From the inception of the funny pages until today, sexism in comics has been rampant. Portrayals are better for female characters than they've ever been, making the comic book stereotyping that's still happening even more egregious. Even though the female superheroes that grace the pages of our favorite books are just as powerful and nuanced as their male counterparts, they're still hyper-sexualized in a way that Batman, Robin, and other male heroes never will be (unless we're talking about slash fiction, and if that's the case, then all bets are off). Prepare to have your feathers ruffled.
The marginalization of women in comic book takes on a plethora of forms. From the obsession with spanking women in the Silver Age to fridging them in the '90s to the ongoing struggle of giving female characters sensible costumes, stereotyping in comic books has never truly gone away. It seems that in every decade, the culture realigns its sense of morality - and the content shifts with it. For instance, the comics in the Silver Age suggested that while women could be heroes, they couldn't be as heroic as men. Which is why you'll find characters like Wonder Woman and Batgirl bumbling through sticky situations only to be saved by their "more heroic" male counterparts.
Presenting women in a stock fashion in the comic industry isn't going to go away overnight, but by pointing out some of the most flagrant elements from the last 80 years, we can start trying to make such bias a thing of the past. Vote up the most outrageously sexist moments in comics, the ones you can barely believe happened. And if you have some thoughts on this polarizing issue, leave them in the comments.
In Wonder Woman #17, new god Orion smacked the Amazon Queen on the hinder because he thinks she's cute or something. Being a strong, proud woman who defends the honor of all people, Wonder Woman goes off on Orion about how degrading it is to be spanked by anyone, especially a male co-worker does nothing.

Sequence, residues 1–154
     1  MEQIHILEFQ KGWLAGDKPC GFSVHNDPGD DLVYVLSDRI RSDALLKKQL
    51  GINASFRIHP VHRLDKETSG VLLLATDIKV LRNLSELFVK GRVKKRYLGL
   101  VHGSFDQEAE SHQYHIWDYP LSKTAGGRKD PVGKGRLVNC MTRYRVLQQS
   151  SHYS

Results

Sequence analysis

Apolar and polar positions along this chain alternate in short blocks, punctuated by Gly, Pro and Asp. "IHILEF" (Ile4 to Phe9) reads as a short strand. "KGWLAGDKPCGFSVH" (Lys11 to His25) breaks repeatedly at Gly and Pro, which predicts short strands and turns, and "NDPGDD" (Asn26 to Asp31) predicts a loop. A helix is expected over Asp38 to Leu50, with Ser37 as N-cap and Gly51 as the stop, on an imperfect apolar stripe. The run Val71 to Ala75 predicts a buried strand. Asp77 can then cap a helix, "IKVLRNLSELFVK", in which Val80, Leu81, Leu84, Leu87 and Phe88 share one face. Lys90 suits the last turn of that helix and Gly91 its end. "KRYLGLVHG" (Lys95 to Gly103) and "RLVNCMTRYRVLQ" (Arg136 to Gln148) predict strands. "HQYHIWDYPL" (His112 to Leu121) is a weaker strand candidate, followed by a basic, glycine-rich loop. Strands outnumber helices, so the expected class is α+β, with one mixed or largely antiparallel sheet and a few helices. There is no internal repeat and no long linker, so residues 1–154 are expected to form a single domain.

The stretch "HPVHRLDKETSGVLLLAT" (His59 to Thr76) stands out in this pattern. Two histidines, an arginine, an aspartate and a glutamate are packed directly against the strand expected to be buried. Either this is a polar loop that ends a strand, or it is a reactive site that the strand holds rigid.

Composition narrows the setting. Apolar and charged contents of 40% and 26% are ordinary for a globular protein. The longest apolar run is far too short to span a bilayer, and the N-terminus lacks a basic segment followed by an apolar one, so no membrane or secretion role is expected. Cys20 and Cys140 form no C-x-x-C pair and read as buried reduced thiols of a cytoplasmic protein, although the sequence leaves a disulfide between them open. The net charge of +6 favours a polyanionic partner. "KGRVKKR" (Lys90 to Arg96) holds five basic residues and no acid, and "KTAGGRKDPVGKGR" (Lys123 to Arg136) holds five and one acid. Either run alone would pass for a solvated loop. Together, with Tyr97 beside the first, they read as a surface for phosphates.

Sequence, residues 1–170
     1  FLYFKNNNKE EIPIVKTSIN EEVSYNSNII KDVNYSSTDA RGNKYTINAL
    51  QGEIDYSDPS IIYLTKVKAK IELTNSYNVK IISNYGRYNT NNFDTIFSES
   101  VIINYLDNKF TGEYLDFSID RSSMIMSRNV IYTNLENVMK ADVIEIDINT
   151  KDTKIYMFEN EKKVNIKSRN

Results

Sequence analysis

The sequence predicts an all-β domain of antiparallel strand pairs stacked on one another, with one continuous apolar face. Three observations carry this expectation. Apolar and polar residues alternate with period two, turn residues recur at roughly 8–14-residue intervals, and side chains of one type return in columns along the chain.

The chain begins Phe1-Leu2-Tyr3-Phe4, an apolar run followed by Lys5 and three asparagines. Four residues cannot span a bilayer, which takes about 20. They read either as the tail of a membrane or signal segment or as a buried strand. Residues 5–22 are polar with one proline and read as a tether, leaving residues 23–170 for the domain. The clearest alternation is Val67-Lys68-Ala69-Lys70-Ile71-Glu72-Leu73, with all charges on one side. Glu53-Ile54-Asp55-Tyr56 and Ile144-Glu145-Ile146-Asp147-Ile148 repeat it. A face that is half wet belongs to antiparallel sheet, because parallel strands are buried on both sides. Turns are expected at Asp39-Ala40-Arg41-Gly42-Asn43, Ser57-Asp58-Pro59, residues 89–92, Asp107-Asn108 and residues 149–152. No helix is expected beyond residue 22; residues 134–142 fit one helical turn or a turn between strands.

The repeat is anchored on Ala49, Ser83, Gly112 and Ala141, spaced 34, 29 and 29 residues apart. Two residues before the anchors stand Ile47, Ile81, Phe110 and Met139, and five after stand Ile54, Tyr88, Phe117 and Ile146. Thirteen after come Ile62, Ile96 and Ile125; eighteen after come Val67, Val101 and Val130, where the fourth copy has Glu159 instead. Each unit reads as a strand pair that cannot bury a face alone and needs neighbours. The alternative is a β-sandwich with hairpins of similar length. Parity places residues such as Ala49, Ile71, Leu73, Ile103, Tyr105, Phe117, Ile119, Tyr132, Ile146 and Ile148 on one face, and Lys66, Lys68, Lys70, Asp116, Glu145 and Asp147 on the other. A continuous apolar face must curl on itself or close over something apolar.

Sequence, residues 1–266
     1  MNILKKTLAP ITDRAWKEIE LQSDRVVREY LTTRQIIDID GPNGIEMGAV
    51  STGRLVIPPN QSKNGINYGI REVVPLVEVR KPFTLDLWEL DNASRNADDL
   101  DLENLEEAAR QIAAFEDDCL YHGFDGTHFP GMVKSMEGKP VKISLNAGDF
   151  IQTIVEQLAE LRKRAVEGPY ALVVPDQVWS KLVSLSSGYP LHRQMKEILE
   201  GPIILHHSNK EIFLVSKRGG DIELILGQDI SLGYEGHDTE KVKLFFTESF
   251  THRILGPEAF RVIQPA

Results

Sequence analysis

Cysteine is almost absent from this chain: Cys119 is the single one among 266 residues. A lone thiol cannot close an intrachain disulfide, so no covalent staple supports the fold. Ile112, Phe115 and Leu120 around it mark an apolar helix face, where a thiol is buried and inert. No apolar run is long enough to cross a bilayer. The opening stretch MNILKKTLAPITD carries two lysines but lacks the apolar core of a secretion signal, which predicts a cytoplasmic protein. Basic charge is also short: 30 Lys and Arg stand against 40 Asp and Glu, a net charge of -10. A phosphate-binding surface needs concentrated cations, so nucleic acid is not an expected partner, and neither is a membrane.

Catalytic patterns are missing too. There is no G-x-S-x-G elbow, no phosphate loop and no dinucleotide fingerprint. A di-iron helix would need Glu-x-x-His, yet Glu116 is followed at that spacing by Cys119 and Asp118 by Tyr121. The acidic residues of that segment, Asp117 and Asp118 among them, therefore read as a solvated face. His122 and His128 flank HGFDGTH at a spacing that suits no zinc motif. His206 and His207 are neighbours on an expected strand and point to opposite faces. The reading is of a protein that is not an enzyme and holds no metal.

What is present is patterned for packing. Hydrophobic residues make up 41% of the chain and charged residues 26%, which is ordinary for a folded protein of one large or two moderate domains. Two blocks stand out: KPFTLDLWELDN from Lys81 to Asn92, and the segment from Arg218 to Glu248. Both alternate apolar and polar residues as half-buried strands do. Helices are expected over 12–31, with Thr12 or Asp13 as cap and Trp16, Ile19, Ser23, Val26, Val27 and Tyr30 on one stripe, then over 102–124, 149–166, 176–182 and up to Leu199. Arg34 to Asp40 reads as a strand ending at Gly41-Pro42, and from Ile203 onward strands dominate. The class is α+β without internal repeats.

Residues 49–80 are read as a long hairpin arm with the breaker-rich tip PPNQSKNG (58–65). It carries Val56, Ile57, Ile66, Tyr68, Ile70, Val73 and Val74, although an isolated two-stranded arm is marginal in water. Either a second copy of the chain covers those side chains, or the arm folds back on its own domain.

In Frank Miller's Sin City, most of the female characters are pros. If they're not ladies of the evening, then they can be one of two other things - lesbian cops or strippers. That's it. The only real exception is a fetishized and totally silent ninja death machine.
Based on this, it may seem that Frank Miller only sees a woman's worth in who's sleeping with her or who wants to sleep with her.
A superhero has a right to dress however she likes, and she certainly doesn't need to cover any part of herself to cater to anybody's prudishness. That said, doesn't Power Girl's outfit look at little... impractical? Kara Zor-L is a powerful female character, yet she's best known for her bust and the ridiculous costume that goes out of its way to showcase said bust.
That she's Superman's cousin only underlines the objectification, since you don't see the Big Blue Boy Scout flying around in a thong. And the in-story explanation - that she always meant to have a Supes-style symbol but never came up with one - makes her seem like an ineffectual airhead.
According to Superman, if a man can't do something, there's no way in heck that a female (even if she is a super-powered Amazonian) can do it. Even if this comic exists in the context of a time when women weren't perceived as equals to men, it implicitly asks the question:
"Why even have a female superhero is she's just another damsel primed for distress?"